Q: About once a week, a certain friend e-mails me an invitation to his theater group’s improv performances. Does he really expect me to go? If I get an invitation every week, how many times am I obligated to show up?
—ACTING OUT, MIDTOWN
A: A significant hazard of living in New York is having friends whose hobbies involve performance—however generous a description that might be for what actually occurs onstage. According to the unwritten rules of friendship, you really should go to his or her very first show. (Buying the minimum two drinks at once and chugging them in rapid succession will help dampen your critical faculties.) After that, you may need to look at the TO/FROM fields of the e-mail. If you’ve been blind-CC’d on the invitation, or if the performer has clearly sent the announcement to his entire address book, you are not obligated to show up more than once or twice a year. (When you do show up, for God’s sake, make sure he sees you—preferably not while you’re double-fisting the drinks.) If the e-mail has been sent to a small group, or, worse, to you alone, either show up or write back with your regrets. Of course, if by chance you have your own creative endeavor that occasionally calls for an audience, you must show up for him as often as he shows up for you. Not to be too transactional about it, but that’s how this town works.
Q: Me: licensed driver. My wife: learner’s permit in her purse, but she hasn’t been behind the wheel since driver’s ed. (specifically, the wheel of a 1976 Plymouth). Now we have the family car I never thought I’d have—and a reason for having one (a shiny new 2003 baby—with a throaty engine). She keeps saying she plans to take a refresher course, but hasn’t. It would take the pressure off me if she could drive some of the time, or at least move the car from the Thursday side to the Friday side. The situation makes me feel uncomfortably like the Grown-Up in the relationship, not to say the Errand Boy. Is it fair to noodge a new mom?
—DRIVEN TO DISTRACTION, FORT GREENE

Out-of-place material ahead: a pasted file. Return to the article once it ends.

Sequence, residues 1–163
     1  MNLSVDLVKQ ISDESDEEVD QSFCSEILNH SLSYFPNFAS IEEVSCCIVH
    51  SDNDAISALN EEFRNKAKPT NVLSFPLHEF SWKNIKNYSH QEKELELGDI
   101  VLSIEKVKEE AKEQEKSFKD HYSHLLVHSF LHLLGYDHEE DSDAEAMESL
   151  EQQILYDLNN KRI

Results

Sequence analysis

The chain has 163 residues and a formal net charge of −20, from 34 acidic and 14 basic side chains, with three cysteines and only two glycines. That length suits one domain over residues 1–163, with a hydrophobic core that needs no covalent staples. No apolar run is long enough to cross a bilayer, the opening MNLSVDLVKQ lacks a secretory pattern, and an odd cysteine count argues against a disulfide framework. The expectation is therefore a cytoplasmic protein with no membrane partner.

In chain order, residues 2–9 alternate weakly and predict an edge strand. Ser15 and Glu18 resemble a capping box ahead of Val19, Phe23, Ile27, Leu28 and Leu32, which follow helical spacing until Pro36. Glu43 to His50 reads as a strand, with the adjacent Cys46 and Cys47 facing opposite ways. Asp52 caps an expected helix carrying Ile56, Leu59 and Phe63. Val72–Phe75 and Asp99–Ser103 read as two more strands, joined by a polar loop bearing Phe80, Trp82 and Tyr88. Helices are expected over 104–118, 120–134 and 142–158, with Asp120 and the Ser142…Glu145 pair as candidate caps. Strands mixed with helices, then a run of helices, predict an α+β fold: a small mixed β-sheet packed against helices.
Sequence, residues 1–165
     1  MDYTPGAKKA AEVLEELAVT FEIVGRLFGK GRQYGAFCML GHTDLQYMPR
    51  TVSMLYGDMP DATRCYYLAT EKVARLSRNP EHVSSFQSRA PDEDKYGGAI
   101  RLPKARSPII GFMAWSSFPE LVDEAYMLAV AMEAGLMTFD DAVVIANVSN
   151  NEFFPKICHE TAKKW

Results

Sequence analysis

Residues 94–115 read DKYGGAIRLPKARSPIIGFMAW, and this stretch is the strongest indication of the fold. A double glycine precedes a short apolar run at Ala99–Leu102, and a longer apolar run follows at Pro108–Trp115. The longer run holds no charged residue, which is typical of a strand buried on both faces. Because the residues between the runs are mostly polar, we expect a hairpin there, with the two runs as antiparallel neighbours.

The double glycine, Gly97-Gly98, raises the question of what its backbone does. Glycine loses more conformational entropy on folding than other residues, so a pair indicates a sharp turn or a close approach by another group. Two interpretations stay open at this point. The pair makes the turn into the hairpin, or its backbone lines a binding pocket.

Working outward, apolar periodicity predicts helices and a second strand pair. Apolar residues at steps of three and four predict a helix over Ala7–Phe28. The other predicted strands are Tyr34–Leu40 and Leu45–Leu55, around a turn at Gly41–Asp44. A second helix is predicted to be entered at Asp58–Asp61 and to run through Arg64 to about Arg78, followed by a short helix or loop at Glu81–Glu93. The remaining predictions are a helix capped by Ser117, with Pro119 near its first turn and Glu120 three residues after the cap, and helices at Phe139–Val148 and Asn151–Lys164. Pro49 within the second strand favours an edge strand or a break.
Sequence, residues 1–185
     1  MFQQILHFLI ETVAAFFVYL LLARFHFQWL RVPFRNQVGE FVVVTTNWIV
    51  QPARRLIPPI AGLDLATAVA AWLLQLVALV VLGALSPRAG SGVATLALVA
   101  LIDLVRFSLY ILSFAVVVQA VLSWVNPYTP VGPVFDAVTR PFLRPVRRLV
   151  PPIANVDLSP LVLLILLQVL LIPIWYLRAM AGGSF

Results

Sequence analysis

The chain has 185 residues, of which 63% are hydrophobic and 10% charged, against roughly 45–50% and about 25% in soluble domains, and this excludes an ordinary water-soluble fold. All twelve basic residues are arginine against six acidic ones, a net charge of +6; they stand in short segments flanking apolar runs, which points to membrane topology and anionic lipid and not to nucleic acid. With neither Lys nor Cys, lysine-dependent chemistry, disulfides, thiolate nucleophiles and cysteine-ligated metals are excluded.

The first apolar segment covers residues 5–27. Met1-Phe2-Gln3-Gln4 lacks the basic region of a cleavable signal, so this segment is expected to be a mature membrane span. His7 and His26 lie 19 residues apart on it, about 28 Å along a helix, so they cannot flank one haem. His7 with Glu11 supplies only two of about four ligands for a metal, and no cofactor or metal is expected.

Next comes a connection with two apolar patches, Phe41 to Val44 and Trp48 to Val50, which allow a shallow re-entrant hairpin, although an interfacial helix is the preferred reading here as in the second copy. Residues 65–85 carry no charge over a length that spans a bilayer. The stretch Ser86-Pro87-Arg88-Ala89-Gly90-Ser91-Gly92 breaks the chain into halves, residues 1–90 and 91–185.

A: Noodging works about as well as a 1976 Gremlin. Be straight with her, but also be more understanding. There are plenty of New Yorkers who would sooner take up skydiving than get behind the wheel in midtown. Of course, all things being equal, she should buckle down and hit the road. But are all things equal? Can you state, with your right hand raised, that you do your fair share of the cleaning, shopping, laundry, cooking, and child care? Think about this tonight when she gets up to feed the baby. Assuming you even wake up.
Q: People are giving me so much shit about not having a cell phone. I can’t take it anymore! Whenever I try to make plans with friends, they say, “I’ll just call you on my cell,” instead of something succinct and workable. Then they act like I’m the one who’s making things difficult when I remind them I don’t have one. And at work, when I tell people I don’t have one, they act offended, as though I must be lying. Am I wrong to think cell phones are optional? Is the whole world against me?
—LONELY LUDDITE, CHELSEA
A: No and yes. Not having a cell phone is badass. It tells people: When I’m with you, that’s the only place I am—I don’t care who else is trying to reach me. It also says that you are not a lemming, that you don’t need a Ms. Pac-Man lunchbox just because all the other kids have one. But in terms of the world being against you, in a word, definitely. So try this. When people ask for your cell number, offer up an indulgent, rich-bitch-by-the-pool laugh and say, “Oh, I don’t do that. I don’t care for them.” (The “darling” is silent.) This is much more glamorous-sounding than a simple “I don’t have a cell,” which could also mean “I can’t afford one” or “I’m too much of a flake to deal with getting one.” “I don’t do that. I don’t care for them” suggests that you are so free-spirited and self-assured that you simply can’t be bothered. Except, of course, with your friend’s cell phone, which, let’s face it, you borrow all the time.
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